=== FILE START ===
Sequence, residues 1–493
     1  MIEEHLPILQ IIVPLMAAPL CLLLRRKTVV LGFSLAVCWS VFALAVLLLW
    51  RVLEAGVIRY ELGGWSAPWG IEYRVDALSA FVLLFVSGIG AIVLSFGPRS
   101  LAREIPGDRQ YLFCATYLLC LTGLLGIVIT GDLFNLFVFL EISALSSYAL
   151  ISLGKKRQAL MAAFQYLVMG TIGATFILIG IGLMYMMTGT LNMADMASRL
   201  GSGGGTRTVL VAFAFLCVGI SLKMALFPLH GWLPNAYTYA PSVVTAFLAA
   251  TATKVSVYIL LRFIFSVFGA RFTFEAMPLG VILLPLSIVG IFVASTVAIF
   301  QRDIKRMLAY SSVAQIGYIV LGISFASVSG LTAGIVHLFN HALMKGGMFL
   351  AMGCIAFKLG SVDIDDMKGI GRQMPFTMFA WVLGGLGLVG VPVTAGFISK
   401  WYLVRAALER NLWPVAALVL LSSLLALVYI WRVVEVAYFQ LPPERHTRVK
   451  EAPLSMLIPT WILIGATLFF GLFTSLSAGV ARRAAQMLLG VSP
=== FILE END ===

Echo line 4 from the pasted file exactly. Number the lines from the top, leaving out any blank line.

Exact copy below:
   101  LAREIPGDRQ YLFCATYLLC LTGLLGIVIT GDLFNLFVFL EISALSSYAL